Part 1 – Getting a Divorce in NJ
So, you’ve made the decision to get a divorce. What next?
No matter the couple, and your specific circumstances, one thing is almost always guaranteed this can be an emotional process. You might be feeling in a rush to just get it over with, but take a deep breath. Your marriage didn’t end overnight, and it takes time to work out dividing any assets and debts you have accumulated over the course of your marriage. If you have children, it is especially important to ensure you are doing what is best for them, and not making decisions out of anger, hurt feelings, or just wanting to get the divorce over with.
What’s the first step? The initial pleading is the Divorce Complaint. There was a time, not too long ago, in New Jersey, where you had to allege one of the following Causes of Action, i.e. adultery, desertion lasting one year, extreme cruelty, 18-month separation, addiction for one year or more, institutionalization for 2 years, imprisonment for 18 months, and deviant sexual conduct.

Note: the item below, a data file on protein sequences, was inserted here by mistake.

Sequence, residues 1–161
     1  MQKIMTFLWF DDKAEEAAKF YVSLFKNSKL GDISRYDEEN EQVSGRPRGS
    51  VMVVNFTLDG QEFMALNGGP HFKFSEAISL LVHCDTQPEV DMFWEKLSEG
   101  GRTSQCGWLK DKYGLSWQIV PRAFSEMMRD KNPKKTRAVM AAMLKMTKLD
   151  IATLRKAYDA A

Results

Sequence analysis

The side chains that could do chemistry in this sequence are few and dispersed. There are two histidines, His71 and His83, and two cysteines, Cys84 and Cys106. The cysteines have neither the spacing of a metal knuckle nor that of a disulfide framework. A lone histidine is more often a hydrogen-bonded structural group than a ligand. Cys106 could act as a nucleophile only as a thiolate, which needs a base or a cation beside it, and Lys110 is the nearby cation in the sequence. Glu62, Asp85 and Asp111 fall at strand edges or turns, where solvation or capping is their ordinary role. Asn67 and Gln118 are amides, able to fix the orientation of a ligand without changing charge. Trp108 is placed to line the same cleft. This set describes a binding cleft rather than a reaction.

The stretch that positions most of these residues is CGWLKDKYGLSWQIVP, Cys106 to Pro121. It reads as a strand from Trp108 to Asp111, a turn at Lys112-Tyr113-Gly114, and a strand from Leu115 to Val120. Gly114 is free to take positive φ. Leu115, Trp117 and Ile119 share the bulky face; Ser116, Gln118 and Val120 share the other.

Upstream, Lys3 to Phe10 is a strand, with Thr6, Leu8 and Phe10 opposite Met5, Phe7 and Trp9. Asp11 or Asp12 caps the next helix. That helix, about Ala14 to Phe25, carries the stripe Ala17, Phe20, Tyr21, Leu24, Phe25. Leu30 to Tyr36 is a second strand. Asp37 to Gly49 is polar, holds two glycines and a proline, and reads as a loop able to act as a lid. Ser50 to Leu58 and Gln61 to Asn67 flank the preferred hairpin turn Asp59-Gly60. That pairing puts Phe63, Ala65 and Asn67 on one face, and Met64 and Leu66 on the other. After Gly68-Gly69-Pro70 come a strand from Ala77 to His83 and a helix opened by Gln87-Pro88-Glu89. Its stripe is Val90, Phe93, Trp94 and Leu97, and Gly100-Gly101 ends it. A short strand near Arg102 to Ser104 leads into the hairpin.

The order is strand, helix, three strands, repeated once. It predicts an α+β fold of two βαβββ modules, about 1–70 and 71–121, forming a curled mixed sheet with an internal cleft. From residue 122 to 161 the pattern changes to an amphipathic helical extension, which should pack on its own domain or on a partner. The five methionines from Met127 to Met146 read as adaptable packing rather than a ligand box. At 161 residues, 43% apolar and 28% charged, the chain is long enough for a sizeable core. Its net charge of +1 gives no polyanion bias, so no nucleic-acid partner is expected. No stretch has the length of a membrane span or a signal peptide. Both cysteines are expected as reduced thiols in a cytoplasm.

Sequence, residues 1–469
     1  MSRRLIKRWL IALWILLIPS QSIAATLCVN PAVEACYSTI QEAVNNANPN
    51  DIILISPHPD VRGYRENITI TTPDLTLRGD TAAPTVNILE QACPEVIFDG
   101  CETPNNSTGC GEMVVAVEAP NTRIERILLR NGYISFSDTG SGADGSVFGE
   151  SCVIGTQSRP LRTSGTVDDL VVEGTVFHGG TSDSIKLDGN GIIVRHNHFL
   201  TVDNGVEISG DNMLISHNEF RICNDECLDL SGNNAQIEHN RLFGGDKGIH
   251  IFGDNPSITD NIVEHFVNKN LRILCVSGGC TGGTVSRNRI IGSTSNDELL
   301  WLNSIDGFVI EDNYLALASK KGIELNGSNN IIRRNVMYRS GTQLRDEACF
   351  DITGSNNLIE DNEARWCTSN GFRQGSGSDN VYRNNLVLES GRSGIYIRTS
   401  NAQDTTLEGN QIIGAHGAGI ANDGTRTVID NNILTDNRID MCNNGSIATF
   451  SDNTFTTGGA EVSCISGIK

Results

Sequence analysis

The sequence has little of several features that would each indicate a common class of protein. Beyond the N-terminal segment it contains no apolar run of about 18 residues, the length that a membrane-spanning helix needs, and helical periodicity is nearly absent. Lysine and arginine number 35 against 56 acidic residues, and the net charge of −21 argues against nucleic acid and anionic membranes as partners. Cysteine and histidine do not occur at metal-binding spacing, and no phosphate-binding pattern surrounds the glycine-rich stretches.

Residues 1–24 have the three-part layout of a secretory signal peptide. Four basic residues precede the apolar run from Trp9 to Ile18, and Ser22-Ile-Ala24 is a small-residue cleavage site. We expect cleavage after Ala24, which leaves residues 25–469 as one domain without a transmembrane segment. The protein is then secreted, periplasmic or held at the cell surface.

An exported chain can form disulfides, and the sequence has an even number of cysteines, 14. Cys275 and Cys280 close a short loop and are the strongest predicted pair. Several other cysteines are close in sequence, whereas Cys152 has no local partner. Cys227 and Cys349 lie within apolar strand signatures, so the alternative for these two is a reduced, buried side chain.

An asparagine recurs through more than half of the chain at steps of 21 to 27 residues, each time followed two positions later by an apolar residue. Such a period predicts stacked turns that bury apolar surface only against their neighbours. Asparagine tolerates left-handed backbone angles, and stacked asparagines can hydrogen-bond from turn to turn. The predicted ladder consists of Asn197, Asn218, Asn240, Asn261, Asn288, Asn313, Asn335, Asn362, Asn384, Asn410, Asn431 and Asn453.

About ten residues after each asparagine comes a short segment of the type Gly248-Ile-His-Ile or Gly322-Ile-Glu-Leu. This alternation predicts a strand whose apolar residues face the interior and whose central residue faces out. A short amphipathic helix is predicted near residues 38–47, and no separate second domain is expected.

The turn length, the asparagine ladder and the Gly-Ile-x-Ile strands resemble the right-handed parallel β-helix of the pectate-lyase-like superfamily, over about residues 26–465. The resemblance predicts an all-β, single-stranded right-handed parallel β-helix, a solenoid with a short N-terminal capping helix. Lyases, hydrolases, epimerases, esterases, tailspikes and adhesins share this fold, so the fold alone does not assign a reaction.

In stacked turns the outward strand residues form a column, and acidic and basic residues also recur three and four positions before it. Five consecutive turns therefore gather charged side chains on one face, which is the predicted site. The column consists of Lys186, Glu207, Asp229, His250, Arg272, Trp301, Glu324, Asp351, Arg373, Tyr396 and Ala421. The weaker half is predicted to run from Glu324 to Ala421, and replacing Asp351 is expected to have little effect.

Fortunately, in 2007 New Jersey enacted a No-Fault Divorce Statute. Irreconcilable Differences encourage more amicability and less hostility between parties. Unlike the causes of action mentioned above, irreconcilable differences only require you to allege that there are differences between you and your spouse, which have existed for 6 months or more, which cannot be reconciled, and that a dissolution of the marriage is warranted. This cause of action prevents parties from feeling as though having to attack the other spouse is the only way to file for divorce.
If you are married outside of the State of New Jersey and are a recent resident, an important requirement to note, is that you have to be a resident of New Jersey for at least 12 months prior to the filing of the divorce complaint. If your marital property was accumulated in another state, and your spouse still lives in that state, it may not be proper to file your divorce complaint here. This is something you will want to discuss with a qualified matrimonial attorney, before proceeding.
Once the Complaint is filed, it will be served to the other party, who will have to respond within a certain timeframe.
Come back next month, to read Part 2, and find out what comes next in the NJ Divorce process.